pursuant to 28 U.S.C. § 1332. (Doc. 1). The record reveals that both defendants were personally served on June 25, 2009. (Docs. 5 & 6). Responsive pleadings by the defendants were accordingly due to be filed no later than July 15, 2009. (Id.) On August 5, 2009, the plaintiff filed a motion for entry of default against the defendants for their failure to plead or otherwise defend. The plaintiff simultaneously filed a motion for entry of a default judgment against the defendants for the sum of $819,353.78 plus accruing pre-judgment interest at the rate of $135.94 per day. (Docs. 8, 9). On August 7, 2009, the Clerk entered a default against the defendants for failure to plead or otherwise defend. (Doc. 10). The plaintiff's August 5, 2009, motions were accompanied by a Certificate of Service indicating that the plaintiff had mailed copies of each motion to the addresses at which service was effected upon the defendants. (Doc. 8). On August 10, 2009, this Court ordered the defendants to show cause on or before August 24, 2009, why a default judgment in the requested amount should not be entered against them and in favor of the plaintiff on account of the defendants' failure to appear or otherwise defend this action. (Doc. 11). The Court also directed the Clerk to serve copies of the August 10, 2009, order to the defendants via certified mail with return receipts requested. (Id.). In that order, the defendants were cautioned that given their default status, absent an appearance in this case, they would not be entitled to receive, and would not be afforded, any further notice concerning the plaintiff's efforts to secure a default judgment. (Id.); see also FED. R. CIV. P. 5(a)(2) & 55(b)(2). The record reflects that defendant Edmon Motes, registered agent for Motes Construction, received this Court's show-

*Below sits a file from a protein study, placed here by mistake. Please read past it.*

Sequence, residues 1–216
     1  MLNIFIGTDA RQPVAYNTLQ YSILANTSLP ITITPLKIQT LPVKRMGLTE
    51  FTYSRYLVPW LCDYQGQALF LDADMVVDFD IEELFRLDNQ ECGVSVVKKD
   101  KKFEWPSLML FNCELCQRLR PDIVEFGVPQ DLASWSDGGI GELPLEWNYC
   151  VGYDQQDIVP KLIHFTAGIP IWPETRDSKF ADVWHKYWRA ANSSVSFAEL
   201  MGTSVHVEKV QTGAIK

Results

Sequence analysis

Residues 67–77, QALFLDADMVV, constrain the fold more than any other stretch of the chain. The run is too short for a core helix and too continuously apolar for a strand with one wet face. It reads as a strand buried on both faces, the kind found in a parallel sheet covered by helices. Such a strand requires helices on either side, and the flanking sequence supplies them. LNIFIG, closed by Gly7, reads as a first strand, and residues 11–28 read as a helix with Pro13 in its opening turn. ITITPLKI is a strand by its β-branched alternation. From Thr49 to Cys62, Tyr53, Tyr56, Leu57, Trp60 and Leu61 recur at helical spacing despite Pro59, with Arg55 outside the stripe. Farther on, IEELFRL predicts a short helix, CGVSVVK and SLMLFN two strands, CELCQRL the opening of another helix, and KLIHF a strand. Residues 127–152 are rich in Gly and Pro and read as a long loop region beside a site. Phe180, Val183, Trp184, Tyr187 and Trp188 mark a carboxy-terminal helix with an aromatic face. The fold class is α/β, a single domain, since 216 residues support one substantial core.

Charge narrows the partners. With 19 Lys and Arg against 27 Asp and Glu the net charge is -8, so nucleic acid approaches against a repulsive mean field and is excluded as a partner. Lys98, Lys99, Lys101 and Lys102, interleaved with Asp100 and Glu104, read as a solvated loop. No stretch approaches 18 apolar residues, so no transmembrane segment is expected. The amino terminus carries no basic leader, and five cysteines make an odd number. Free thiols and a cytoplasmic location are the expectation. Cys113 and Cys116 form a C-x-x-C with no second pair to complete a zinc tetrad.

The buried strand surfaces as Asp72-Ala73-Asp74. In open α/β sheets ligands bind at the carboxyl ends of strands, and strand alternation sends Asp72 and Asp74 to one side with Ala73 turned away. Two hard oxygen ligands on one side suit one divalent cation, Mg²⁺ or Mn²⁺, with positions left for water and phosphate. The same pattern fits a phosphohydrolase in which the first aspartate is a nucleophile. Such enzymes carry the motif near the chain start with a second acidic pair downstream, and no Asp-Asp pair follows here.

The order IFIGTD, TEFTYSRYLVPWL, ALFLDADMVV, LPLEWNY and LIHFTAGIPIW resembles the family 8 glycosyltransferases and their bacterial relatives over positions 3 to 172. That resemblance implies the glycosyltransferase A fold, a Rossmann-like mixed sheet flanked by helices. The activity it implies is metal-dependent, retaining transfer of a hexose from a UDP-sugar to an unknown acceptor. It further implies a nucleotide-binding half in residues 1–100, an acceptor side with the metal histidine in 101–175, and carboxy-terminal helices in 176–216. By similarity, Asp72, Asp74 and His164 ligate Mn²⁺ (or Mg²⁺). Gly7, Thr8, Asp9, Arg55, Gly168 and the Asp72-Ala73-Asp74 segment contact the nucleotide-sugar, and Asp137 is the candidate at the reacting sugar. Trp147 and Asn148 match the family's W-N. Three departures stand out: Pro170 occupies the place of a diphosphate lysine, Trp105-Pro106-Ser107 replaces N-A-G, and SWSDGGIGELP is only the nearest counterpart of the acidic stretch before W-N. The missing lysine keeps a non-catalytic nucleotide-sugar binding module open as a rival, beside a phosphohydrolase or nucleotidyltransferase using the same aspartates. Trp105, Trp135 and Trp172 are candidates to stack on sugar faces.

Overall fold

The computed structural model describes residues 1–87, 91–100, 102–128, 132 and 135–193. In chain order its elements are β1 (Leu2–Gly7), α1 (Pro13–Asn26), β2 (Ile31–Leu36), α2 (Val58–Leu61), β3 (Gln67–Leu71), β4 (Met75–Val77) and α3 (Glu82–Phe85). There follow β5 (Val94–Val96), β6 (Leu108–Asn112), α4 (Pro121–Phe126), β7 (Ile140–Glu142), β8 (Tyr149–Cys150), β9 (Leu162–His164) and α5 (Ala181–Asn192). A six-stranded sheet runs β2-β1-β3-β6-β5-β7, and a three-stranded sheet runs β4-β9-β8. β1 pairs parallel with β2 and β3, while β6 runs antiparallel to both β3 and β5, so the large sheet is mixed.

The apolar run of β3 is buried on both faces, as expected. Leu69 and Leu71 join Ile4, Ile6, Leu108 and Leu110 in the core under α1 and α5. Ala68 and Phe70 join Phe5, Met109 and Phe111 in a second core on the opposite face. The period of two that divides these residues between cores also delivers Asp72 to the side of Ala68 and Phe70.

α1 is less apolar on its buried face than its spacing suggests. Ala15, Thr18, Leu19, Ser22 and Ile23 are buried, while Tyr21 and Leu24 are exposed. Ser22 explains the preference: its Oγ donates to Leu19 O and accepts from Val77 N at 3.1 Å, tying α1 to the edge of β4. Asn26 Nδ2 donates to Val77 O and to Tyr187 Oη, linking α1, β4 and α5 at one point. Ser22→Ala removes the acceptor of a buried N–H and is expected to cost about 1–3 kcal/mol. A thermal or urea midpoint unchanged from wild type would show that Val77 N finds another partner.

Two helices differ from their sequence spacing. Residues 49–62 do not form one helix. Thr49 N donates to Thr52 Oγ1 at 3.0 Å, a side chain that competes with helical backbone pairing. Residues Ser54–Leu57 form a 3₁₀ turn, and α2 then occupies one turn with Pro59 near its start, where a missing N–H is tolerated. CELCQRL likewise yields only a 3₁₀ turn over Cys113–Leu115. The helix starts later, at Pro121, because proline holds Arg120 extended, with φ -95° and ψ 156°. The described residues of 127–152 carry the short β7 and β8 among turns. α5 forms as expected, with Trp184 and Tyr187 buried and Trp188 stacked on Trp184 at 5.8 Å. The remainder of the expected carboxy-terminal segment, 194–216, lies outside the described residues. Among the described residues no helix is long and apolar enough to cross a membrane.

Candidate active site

cause order. (See Docs. 5 & 13). As a result, both defendants have been on notice of these default proceedings for almost four months. However, neither defendant has filed any response. Moreover, as of the date of this order, the defendants have wholly failed to appear or otherwise defend this action. In support of its motion for default judgment, the plaintiff relies upon its complaint (Doc. 1); the affidavit of Lewis Compton, a Wachovia vice-president ("Compton Affidavit," Doc. 9-1); the affidavit of counsel Jennifer A. Harris ("Harris Affidavit," Doc. 9-2); a Promissory Note made by Motes Construction payable to Wachovia dated September 27, 2006, in the principal amount of $560,000 ("Note One"; Doc. 9-3, Exh. 1); a Promissory Note made by Motes Construction payable to Wachovia dated March 6, 2007, in the principal amount of $223,000 ("Note Two"; Doc. 9-3, Exh. 2); an Unconditional Guaranty executed by Edmon Motes in favor of Wachovia dated April 19, 2006, guaranteeing timely payment and performance of all liabilities and obligations of Motes Construction to Wachovia ("Guaranty"; Doc. 9-3, Exh. 3); a Forbearance and Loan Modification Agreement executed on or about November 20, 2008, by Wachovia and the defendants, pursuant to which Wachovia agreed to forbear from exercising its rights and remedies with respect to the Loans under the terms and conditions set forth therein and Edmon Motes assumed joint and several liability for payment and performance ("Forbearance Agreement"; Doc. 9-3, Exh. 4); and two "Joinder In and Assumption of Note" agreements further evidencing Edmon Motes' joinder in and assumption of the Notes ("Note Joinders"; id.). II. Discussion A. Default Standard